Assuming that the conductor failure has only two states, disconnection and normal, the corresponding wind load of conductors coupled to towers are o and WX, respectively. Therefore, the coupled wind load obeys binomial distribution and the expectation wind load of the conductor of phase A on one side of the tower is:
The expectation of resultant wind load of three-phase conductors on both sides of the tower is:
We decompose the wind load on towers along perpendicular and parallel directions to the lines:
In the perpendicular and parallel directions to the lines, the resultant wind load on towers can be written as:
In the perpendicular direction to towers, we use the stress-strength interference theory to obtain the failure probability PS┴ in the second step. The calculation principle is the same as (6).
The failure law of electrical equipment aging with time follows the classic “bathtub curve”. The Weibull distribution can more comprehensively describe three stages of the “bathtub curve” and is widely used in reliability and lifetime analysis.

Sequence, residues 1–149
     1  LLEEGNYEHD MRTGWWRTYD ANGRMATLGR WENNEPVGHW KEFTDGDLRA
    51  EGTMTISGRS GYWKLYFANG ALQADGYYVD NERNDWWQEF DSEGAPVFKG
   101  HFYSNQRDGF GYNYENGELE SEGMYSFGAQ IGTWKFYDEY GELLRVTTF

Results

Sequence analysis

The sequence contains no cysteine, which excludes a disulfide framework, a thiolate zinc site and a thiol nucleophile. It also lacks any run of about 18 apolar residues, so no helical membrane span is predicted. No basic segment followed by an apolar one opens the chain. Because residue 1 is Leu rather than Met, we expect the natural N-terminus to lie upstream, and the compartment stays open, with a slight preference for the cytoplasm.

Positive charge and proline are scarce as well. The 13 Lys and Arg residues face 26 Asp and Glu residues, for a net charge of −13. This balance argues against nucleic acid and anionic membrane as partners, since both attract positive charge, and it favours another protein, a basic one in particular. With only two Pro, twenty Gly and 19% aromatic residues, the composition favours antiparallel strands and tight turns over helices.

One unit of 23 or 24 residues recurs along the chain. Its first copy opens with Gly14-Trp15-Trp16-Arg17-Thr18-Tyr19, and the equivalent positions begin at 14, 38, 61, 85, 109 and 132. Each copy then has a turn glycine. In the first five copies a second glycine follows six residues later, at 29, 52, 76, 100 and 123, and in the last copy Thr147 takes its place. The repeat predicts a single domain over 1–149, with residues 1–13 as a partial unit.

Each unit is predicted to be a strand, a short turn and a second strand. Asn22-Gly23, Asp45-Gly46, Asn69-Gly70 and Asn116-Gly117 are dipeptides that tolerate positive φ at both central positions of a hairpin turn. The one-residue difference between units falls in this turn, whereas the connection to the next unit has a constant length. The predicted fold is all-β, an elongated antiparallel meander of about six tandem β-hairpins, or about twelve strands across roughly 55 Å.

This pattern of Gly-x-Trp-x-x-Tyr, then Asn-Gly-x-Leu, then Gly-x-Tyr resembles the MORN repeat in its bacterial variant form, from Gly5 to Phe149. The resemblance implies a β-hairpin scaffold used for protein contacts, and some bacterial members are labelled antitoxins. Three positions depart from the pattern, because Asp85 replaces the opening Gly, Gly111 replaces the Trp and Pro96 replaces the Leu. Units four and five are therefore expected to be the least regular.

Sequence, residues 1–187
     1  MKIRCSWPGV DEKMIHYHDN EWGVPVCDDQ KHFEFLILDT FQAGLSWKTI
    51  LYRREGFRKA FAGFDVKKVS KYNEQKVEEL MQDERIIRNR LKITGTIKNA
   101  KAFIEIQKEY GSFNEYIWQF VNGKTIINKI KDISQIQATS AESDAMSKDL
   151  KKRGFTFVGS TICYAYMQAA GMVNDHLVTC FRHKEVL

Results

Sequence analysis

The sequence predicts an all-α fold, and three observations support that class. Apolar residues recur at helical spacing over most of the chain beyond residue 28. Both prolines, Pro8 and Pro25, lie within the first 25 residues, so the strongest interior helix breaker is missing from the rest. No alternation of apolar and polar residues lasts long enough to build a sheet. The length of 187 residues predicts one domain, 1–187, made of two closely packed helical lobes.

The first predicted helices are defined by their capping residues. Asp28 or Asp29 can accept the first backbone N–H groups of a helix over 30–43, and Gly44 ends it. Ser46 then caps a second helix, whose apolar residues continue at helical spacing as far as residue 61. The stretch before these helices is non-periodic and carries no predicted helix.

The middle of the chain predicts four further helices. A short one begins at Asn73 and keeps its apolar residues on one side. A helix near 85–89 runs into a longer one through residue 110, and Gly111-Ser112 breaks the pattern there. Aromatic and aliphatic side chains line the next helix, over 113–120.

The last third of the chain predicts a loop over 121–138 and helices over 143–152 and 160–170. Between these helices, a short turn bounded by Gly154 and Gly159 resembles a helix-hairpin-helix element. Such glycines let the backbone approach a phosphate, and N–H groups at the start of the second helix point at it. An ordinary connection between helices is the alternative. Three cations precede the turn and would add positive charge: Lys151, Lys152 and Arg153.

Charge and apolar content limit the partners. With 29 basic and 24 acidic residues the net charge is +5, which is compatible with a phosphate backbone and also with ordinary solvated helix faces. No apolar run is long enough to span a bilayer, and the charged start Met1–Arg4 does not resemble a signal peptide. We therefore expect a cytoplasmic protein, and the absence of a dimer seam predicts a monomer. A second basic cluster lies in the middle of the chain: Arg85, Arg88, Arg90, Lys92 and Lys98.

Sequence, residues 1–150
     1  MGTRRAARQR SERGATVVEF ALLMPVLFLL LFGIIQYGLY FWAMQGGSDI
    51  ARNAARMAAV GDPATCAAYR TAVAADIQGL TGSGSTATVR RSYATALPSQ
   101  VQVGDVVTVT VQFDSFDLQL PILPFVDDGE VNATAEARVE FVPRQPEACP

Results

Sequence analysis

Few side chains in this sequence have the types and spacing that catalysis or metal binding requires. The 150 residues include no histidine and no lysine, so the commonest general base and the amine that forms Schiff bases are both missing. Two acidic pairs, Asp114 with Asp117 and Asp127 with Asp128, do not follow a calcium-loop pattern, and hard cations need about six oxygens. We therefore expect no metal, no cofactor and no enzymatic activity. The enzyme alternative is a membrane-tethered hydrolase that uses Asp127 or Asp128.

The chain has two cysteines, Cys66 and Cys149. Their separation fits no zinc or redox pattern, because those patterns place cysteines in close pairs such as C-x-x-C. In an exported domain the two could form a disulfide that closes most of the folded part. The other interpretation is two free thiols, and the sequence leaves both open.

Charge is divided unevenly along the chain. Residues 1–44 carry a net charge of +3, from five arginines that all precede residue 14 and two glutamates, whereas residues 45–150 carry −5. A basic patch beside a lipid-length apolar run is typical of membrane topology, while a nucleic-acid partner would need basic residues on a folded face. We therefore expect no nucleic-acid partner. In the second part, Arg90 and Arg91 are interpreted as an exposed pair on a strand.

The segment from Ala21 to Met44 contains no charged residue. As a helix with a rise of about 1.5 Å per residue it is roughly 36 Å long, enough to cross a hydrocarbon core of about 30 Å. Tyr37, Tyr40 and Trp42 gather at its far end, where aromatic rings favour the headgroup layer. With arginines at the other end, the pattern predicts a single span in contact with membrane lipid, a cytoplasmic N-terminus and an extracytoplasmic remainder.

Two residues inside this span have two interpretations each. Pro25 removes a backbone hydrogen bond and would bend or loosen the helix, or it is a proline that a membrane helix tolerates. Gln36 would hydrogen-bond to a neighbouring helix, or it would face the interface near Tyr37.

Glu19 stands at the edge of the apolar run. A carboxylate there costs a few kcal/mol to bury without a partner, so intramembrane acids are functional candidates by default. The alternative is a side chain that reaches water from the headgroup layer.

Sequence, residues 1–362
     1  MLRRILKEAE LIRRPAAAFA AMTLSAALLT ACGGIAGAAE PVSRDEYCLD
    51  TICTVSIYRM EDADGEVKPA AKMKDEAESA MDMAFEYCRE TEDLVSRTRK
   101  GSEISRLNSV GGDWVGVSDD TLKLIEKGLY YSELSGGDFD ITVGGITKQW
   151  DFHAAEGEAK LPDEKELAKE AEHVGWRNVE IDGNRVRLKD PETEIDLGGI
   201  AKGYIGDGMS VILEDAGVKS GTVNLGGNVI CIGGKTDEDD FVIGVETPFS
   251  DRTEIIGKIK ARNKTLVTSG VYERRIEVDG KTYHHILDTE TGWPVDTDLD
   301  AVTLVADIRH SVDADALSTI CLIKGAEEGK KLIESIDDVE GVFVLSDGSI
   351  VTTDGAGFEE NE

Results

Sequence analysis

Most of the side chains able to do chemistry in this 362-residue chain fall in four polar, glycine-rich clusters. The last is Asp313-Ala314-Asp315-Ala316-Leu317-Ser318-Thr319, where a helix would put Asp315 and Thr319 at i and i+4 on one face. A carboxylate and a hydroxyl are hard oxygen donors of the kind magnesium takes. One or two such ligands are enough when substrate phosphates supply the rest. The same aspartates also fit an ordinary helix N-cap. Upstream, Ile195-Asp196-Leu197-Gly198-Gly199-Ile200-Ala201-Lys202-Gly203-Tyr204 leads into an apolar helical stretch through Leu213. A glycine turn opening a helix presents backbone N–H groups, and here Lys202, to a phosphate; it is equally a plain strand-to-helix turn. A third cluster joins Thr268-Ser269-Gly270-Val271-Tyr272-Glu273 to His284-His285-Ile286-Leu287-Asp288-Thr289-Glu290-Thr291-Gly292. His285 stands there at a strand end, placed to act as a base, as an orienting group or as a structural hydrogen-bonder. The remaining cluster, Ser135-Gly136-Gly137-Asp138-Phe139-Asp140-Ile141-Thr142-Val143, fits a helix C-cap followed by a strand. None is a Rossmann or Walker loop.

The lifetime distribution function of components based on Weibull distribution is:
The lifetime density function of components is:
Where α and β are the scale parameter and shape parameters of Weibull distribution, respectively. F(t) represents the failure probability of a tower before time t and can reflect the cumulative effect of failure probability over time. When β > 1 and f(t) > 0, the failure probability F(t) increases with time, which characterizes the aging of components.
Wu et al. pointed out there are two types of corrosion: uniform and non-uniform corrosion. Uniform corrosion occurs at a macroscopic uniform rate throughout the metal surface in contact with the external environment. The iron corrosion in the atmosphere is a typical uniform corrosion. Since the towers in the main network are made of steel and reinforced concrete, we assume that the tower corrosion is relatively uniform and establish a reliability model for tower damage. Ma et al. showed that the corrosion depth of steel bars in a chloride ion environment obeys logarithmic normal distribution. When the uniform corrosion depth is less than the specified maximum allowable corrosion depth, the structure state is reliable. The reliability model of the cross-section of the uniformly corroded steel bar can be expressed as: